raptorous the eagles are back in the foothills

My heart sank just a little bit as I stared into the swirl of snow in front of me.

I’d left the city in bright sunshine and headed south but I could see what looked like a wall of fog on the horizon. The fog turned out to be snow and now, as I rolled along slick roads between High River and Nanton, I could barely see more than two car-lengths in front of me.

Not a great situation for photography. And since what I had headed out to photograph were eagles, not the easiest things to spot at the best of times, my prospects were were looking pretty grim.

I’d been out near Longview a couple of days before enjoying the last of the latest chinook. Clear sky, sunshine, warm weather, I just couldn’t hang around the city. Not looking for anything in particular, I headed out along Coal Trail and watched the mountains grow bigger in my windshield.

I saw the first eagle not far down the road, a mature bald eagle flying along. A bit later I found two more perched in a tree. I managed to get close to the mature one - white head and tail, yellow feet and beak - and was taking pictures of it when I noticed, immediately across the road from where the eagle was perched, a great horned owl sitting on its nest. Raptors everywhere!

Two more eagles on the Highwood River and two more again on a fenceline near Pekisko. Then a golden eagle, bronze highlights glowing in the lowering sun, not far from them. Not all of them made for great pictures but that was fine. Good pictures are always welcome but they’re kind of like raspberries on top of ice cream. Delicious but not necessary.

By the time the sun had set I was down by Parkland and had seen a second nesting owl and a total of 11 eagles, four of which were goldens and the rest either adult or dark-plumaged immature bald eagles. I was feeling raptor-ous! I decided I’d head out again, earlier in the day this time, to have a better look.

The weather changed, as it is wont to do around here, so I waited a day and then woke up to a cold but clearing sky. I headed out as the sun broke through the clouds.

By the time I’d left the sun behind and hit the wall of snow I’d already seen two eagles along Highway 2 but as I motored south I wondered if that was going to be the limit. Now, having relied upon a wildly inaccurate weather forecast, I found myself 150km from home having not shot even a single photo.

But, in for a penny, as they say, I rolled on.

I took a completely useless photo of a pair of eagles in a cottonwood along Willow Creek - too much snow falling to even focus properly - and then rolled up Meadow Creek into the Porcupine Hills to have a look.

Every year around this time, eagles start to concentrate along the eastern slopes of the Porcupine Hills. They linger here as they migrate to their summer residences because, thanks to the springtime emergence of gophers - Richardson’s ground squirrels - and calving time on the big ranches, there is a veritable buffet of things for them to eat.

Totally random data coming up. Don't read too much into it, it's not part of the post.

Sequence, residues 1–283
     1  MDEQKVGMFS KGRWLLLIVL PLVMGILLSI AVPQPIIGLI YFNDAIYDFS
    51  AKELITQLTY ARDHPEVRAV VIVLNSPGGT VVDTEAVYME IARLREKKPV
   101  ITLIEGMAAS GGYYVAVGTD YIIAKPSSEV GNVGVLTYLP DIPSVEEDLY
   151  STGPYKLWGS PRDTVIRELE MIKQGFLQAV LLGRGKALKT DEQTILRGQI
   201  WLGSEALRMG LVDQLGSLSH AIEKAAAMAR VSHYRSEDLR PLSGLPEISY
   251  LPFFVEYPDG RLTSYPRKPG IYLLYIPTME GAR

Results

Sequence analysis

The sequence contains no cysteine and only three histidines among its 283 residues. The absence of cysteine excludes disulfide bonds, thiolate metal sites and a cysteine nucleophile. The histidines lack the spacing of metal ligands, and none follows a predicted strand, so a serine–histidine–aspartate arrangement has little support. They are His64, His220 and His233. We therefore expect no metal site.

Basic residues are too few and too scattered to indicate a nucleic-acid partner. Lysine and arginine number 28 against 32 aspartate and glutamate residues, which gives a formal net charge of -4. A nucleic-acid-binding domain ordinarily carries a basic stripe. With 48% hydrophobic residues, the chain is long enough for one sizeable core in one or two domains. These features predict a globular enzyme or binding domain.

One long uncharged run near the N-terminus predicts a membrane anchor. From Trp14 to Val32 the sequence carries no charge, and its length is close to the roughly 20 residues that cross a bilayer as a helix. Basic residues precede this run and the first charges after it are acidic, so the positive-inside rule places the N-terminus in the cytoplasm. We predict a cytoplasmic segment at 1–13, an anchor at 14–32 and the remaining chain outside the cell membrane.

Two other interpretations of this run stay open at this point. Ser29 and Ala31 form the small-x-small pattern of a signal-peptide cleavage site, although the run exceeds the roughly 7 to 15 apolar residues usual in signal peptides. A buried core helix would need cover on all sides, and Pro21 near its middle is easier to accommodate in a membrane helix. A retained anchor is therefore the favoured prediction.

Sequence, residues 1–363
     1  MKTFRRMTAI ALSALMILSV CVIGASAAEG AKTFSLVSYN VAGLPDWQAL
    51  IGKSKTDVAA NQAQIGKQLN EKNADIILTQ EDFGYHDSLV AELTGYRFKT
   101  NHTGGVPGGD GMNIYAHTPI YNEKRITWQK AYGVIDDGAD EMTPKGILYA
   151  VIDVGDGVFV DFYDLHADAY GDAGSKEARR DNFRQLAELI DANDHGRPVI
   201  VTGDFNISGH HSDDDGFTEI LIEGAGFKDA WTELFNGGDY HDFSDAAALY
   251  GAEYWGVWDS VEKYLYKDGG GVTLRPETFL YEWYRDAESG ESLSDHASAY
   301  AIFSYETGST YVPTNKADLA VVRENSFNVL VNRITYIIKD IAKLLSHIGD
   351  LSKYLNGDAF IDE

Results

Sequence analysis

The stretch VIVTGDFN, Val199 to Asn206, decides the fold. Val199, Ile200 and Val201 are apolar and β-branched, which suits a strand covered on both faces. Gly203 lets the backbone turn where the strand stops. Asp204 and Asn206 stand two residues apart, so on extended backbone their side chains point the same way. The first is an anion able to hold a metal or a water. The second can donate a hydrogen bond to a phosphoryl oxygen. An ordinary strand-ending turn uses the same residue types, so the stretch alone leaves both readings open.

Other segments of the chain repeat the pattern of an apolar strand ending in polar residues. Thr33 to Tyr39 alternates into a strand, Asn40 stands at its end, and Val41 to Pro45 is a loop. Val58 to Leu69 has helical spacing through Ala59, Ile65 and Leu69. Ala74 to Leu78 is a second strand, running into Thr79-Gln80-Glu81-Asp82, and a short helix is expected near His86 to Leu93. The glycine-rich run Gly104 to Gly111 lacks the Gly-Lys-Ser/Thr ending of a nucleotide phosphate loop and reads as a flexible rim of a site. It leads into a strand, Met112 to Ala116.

They can easily find gophers, their eagle eyes catching movement in the grass or the dark bodies of the gophers standing out against the snow, and calving pastures provide plenty of offerings in the byproducts of the birthing process.

No, they don’t carry off calves, regardless what you may have heard, but occasionally calves are stillborn and they won’t hesitate to make a meal of them.

I’d decided to head up Meadow Creek valley because I knew there would be new calves up that way and they’d be near the road, close enough to photograph. But even though they were close by, the few eagles I did see were beyond my camera’s reach.

The snow, however, was backing off and I could see clearing to the south so I rolled on. I hadn’t intended to go this far but since I was down here anyway, I rolled on toward the Oldman River. Lots of geese, ducks and gophers to feed on down there - and lots of trees for eagles to roost in - so I headed to the Oldman Dam.

Yep, lots of ducks, geese and gophers. Not a single eagle. Did get a picture of a gopher with snowflakes on its fur that I’m not entirely ashamed of so there was that. But the day was turning into a write-off, eagle-wise.

But as I backtracked toward Head-Smashed-In, the snow stopped. And the sky cleared.

I saw two eagles right there, in flight and headed east. Down the road, another, this time a golden. Okay, now we’re talkin’! I headed toward the calving pastures again.

The sun was shining across the Porcupine Hills as I launched my little copter for a quick eagle’s-eye flight over a snowy pasture and another eagle flew by in the single minute I had it in the air. And in a lone poplar tree just down the road there were three more.

These ones stayed put while I took my pictures, two mature bald eagles and one dark immature sat in the tree as the cattle nearby blatted out moos as the mommas called to their new calves. The road I was on bisected a couple of the calving pastures on Granum Colony and a gentleman I spoke to told me they were calving 1100 cows. No wonder the eagles were hanging out there.

I saw a total of eleven just in that one area. Most were flying but several were roosting in the trees near the feed shelters. All of them were bald eagles. This is such a great place to find them and had it not been snowing earlier, I’m sure I’d have seen many more.

The day was winding down now and the few other eagles I saw as I rolled back northward in the cold sunshine were too far off for pictures. No matter, I was more than happy with what I had. And since this is just the beginning of eagle season along the Porcupine Hills, I knew that next time I came down this way I’d see many more.

Raptor-ous, I headed on home.

The eagles have landed.


FEBRUARY 28, 2017

Photographed with DJI Phantom 4, Canon 7D Mark II and EOS M5 with Sigma 150-600C

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